The absolute WORST decision I made was to purchase something from Adorama! I would NEVER recommend buying anything from that company. It's been 3 months now and they still refuse to ship the missing parts from a light kit I ordered, or even work with me on a compromise. I've been put off and put off and put off. I've filed complaints with the BBB in NYC, and with every sponsor or advertiser on their site.

BIG MISTAKE DEALING WITH ADORAMA!
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Old September 30th, 2004, 09:23 AM   #13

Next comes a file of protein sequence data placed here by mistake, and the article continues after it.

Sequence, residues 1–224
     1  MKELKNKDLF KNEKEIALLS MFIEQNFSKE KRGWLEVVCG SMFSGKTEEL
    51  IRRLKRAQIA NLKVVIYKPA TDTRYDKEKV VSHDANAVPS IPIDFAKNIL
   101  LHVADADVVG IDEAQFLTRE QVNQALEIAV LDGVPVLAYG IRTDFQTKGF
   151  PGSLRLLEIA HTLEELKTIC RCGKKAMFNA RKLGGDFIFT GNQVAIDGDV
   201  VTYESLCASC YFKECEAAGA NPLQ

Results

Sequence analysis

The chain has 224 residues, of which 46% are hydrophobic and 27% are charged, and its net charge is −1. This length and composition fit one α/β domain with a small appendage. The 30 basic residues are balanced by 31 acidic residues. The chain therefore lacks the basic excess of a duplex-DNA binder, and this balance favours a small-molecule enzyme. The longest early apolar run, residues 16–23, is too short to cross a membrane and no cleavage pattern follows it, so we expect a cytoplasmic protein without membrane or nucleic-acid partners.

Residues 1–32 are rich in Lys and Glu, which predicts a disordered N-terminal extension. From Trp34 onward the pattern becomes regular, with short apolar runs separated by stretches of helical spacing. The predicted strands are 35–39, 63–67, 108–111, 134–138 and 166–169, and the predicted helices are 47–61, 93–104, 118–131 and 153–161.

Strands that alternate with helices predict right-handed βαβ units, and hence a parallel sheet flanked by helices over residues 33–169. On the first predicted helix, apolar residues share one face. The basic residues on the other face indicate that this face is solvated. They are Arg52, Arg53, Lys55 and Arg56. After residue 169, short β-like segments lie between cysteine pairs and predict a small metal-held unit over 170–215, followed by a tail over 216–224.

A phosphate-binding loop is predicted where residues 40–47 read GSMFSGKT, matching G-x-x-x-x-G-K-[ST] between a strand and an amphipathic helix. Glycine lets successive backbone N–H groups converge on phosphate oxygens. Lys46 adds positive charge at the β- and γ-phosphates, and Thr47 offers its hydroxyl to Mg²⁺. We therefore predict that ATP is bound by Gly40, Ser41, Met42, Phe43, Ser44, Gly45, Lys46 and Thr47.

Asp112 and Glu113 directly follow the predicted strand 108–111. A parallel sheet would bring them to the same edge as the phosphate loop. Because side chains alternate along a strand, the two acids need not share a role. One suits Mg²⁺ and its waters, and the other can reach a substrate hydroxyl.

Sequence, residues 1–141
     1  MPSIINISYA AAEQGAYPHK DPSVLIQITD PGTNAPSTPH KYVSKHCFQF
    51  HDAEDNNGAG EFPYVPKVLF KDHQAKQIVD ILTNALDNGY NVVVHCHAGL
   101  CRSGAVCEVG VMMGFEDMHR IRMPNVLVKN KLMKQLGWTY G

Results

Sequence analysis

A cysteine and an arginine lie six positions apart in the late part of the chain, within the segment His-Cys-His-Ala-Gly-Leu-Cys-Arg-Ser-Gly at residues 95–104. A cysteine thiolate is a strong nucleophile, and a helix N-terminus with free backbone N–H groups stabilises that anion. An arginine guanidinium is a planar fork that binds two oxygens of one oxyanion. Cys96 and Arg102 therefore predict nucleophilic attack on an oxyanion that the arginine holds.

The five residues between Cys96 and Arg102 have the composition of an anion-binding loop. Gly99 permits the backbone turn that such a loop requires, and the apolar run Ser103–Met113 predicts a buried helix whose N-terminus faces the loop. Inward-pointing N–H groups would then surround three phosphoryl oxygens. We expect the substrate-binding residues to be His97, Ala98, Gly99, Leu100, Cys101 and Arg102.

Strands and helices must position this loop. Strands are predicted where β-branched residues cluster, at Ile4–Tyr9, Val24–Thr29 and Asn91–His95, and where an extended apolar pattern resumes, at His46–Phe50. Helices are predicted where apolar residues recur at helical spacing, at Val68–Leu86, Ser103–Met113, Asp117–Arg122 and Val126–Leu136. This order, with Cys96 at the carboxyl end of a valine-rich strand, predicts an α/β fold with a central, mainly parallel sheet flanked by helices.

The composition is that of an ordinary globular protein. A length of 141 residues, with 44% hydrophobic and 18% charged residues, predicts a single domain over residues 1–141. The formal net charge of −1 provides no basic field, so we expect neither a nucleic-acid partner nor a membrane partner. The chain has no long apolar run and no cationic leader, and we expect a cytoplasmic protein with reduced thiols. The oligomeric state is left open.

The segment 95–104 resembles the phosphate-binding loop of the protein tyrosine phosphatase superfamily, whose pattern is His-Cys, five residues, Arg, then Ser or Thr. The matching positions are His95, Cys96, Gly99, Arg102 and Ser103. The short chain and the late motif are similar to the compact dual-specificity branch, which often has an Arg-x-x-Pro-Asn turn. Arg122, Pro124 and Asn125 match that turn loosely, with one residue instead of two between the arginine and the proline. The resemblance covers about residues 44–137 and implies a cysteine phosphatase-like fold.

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Thanks for all of the information everyone. It really helped. It was still a tough decision to make, but I ended up purchasing the Sony kit. I've had it for about 6 weeks now and it's been great. The mic it comes with isn't the best in the world but it's been fine for the applications I've been using it for. I've routinely been able to shoot a subject from over 600 feet away without any huge problems. But I haven't used it at that distance in any densely populated areas.

Thanks again for the advice.